Islamic State militants also claimed responsibility. Neither group provided evidence. All four attackers were killed.
The assault comes a day after a group fighting against the regime in Ahvaz had sent congratulations to Saudi Arabia for its national day.
Ahwaz is the center of a province that has a large Arab minority and there are a number of groups that have opposed the Iranian regime from Ahvaz over the years. An Ahvaz activist was assassinated last year in the Netherlands, allegedly by the Iranian regime.
A spokesman for one of the groups who called into a Farsi language TV program said that his group had targeted the IRGC, not civilians.
The attack comes 10 days after the US said it would hold Iran accountable for attacks in Iraq after Iranian-backed militias targeted a US consulate in Basra, across the border from Ahvaz.
The bloodshed struck a blow to security in OPEC oil producer Iran, which has been relatively stable compared with neighboring Arab countries that have grappled with upheaval since the 2011 uprisings across the Middle East.
The IRGC, the most powerful and heavily armed military force in the country, has been the sword and shield of Shi’ite clerical rule in Iran since its 1979 Islamic Revolution. The Guards play a big role in Iran’s regional interests and have a vast stake worth billions of dollars in Iran’s economy.
Tensions between mainly Shi’ite Iran and mostly Sunni Saudi Arabia have risen in recent years, with the two countries supporting opposite sides in wars in Syria and Yemen and rival political parties in Iraq and Lebanon.
Iranian President Hassan Rouhani ordered security forces to identify those responsible for the violence, the semi-official ISNA news agency said. The attack occurred the day before Rouhani heads to New York to address the annual UN General Assembly next week.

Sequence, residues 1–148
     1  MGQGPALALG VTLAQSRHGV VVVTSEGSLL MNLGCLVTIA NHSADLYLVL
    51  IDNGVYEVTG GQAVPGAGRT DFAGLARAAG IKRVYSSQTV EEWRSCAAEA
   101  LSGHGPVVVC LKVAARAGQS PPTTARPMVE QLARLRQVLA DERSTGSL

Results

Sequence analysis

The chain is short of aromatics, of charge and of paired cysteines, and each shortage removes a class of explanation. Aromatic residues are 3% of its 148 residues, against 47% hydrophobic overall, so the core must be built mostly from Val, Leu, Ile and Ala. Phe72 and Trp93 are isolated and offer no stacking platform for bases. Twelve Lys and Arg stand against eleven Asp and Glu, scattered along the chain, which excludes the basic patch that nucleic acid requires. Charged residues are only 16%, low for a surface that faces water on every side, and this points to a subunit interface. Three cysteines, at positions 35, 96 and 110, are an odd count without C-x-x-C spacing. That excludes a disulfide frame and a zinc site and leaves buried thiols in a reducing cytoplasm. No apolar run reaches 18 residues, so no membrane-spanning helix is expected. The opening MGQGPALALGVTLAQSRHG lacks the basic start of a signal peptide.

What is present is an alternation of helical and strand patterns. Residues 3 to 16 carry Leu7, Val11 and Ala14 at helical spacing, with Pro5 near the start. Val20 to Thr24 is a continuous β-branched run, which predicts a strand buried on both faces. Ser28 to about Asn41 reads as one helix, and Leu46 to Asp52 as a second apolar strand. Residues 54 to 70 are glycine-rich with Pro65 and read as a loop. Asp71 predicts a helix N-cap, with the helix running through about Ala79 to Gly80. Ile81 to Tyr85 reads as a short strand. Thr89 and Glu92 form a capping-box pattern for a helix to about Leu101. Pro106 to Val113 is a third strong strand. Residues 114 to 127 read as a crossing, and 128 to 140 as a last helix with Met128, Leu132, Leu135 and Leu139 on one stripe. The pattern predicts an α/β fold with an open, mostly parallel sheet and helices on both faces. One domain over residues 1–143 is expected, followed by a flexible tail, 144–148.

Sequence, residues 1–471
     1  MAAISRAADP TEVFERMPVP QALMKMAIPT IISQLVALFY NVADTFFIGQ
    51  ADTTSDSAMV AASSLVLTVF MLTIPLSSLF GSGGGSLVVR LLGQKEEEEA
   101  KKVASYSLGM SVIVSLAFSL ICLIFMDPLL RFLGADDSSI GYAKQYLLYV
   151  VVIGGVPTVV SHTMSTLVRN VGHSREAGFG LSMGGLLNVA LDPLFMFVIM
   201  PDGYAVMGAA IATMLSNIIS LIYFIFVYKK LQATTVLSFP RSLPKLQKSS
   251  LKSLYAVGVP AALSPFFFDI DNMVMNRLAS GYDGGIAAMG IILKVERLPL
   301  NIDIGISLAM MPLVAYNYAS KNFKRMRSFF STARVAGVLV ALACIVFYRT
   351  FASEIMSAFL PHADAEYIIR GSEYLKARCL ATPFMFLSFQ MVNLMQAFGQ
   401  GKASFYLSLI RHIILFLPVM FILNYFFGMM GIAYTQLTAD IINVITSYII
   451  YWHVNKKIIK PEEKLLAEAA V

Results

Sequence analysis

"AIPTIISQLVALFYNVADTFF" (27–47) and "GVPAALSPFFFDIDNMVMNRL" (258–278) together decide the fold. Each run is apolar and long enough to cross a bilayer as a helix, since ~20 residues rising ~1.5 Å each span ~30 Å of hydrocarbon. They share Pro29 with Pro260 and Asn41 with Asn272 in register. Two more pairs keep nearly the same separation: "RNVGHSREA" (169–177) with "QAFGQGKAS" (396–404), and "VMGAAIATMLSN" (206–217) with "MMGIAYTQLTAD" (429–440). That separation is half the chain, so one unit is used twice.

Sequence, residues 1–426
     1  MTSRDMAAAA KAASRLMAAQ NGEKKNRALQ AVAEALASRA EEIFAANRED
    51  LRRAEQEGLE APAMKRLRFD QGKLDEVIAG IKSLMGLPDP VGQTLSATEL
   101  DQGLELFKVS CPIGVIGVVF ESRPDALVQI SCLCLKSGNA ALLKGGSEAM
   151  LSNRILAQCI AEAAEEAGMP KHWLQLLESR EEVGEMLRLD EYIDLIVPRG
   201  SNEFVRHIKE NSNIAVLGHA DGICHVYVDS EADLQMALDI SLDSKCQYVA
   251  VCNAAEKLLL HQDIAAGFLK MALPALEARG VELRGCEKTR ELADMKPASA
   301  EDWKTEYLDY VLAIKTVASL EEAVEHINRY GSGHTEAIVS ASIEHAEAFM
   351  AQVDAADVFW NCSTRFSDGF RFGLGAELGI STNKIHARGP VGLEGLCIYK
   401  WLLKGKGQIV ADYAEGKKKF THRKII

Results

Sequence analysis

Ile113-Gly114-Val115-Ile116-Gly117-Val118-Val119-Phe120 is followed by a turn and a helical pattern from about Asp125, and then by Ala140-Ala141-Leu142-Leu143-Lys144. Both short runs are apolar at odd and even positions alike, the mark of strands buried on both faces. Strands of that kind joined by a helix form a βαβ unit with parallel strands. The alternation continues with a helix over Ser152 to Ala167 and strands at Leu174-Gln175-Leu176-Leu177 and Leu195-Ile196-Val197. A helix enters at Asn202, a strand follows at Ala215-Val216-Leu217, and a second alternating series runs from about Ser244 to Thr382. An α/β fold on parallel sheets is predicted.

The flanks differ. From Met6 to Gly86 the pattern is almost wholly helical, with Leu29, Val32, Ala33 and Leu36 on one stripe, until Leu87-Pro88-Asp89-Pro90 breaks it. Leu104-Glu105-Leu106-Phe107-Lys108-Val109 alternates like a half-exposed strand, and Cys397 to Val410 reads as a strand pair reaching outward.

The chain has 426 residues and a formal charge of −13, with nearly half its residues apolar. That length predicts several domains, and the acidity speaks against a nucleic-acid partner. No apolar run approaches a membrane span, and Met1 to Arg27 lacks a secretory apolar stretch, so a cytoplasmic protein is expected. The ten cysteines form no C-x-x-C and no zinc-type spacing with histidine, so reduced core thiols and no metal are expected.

“Rouhani will use the terrorist attack to justify Iran’s presence in the Middle East... The attack will strengthen the IRGC’s position inside Iran and in the region,” Tehran-based political analyst Hamid Farahvashian said.
Iran will face pressure to respond to the high-profile attack on the Revolutionary Guards.
“The attacks are doubtlessly meant to tarnish the prestige of the IRGC, but I believe the terrorist incidents will strengthen the IRGC’s standing and even mobilize some public support,” said Ali Alfoneh, a senior fellow at the Gulf Arab States Institute in Washington.
Hardliners like the IRGC have gained standing at the expense of pragmatists in Iran’s multi-tiered leadership since US President Donald Trump decided in May to pull the United States out of the 2015 international nuclear deal with Tehran and reimpose sanctions in moves to isolate the Islamic Republic.
Kurdish militants killed 10 Revolutionary Guards in an attack on an IRGC post on the Iraqi border in July, where armed Kurdish opposition groups are active.
Last year, in the first deadly assault claimed by Islamic State in Tehran, 18 people were killed at the parliament and at the mausoleum of Ayatollah Ruhollah Khomeini, the founder of the Islamic Republic.